Here we evaluated the possible effects of 75 quorum sensing molecules (QSM), traditionally only seen as intra-bacterial communication molecules, on C2C12 muscle cells, studying viability, differentiation, inflammation, mitochondrial changes and protein degradation as biological outcomes. The responses were evaluated using different approaches: median absolute deviation, quartiles, strictly standardized mean difference and robust strictly standardized mean difference.

This study resulted in 30 QSM, with effects observed on C2C12 cells. Known producers of the 27 peptide QSM belong to species of the genus Staphylococcus, Streptococcus, Enterococcus, Bacillus, Lactobacillus and Escherichia, while the 3 non-peptide QSM are produced by a broad range of Gram-positive and Gram-negative bacteria. Altogether, these proof-of-concept findings provide the first evidence that QSM produced by microbiota play a role in the gut-muscle axis, opening new perspectives for diagnostic and therapeutic targets in muscle wasting diseases.},
  articleno    = {165646},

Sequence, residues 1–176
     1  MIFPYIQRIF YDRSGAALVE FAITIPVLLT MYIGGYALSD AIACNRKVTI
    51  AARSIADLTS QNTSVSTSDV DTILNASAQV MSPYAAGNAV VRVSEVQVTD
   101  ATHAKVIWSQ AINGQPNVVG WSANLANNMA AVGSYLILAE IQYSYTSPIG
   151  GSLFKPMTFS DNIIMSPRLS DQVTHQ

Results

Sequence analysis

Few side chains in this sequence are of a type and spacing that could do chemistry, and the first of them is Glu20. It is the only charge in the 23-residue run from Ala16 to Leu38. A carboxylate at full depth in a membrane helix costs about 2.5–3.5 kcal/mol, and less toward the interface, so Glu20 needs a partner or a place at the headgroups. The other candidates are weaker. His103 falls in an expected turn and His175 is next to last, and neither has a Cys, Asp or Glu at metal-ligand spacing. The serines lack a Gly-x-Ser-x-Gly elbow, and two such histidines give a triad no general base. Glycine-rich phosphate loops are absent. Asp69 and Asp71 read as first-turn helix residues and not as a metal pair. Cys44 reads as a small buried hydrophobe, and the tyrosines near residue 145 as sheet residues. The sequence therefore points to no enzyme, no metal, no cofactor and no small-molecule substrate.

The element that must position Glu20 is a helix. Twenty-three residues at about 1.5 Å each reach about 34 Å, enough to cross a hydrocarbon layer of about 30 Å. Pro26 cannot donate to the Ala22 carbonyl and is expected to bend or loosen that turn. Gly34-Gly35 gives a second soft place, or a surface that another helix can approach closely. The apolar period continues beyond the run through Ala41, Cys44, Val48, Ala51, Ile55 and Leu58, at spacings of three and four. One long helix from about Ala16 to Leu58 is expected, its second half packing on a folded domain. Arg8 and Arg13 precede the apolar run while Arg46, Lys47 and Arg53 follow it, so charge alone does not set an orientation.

author       = {De Spiegeleer, Anton and Elewaut, Dirk and Van Den Noortgate, Nele and Janssens, Yorick and Debunne, Nathan and Van Langenhove, Selien and Govindarajan, Srinath and De Spiegeleer, Bart and Wynendaele, Evelien},
  issn         = {0925-4439},
  journal      = {Biochimica et Biophysica Acta (BBA) - Molecular Basis of Disease},
  keywords     = {Quorum sensing molecules,Microbiome,C2C12,Muscle,Muscle wasting disease},
  language     = {eng},
  number       = {3},
  title        = {Quorum sensing molecules as a novel microbial factor impacting muscle cells},
  url          = {http://dx.doi.org/10.1016/j.bbadis.2019.165646},
  volume       = {1866},
  year         = {2020},
}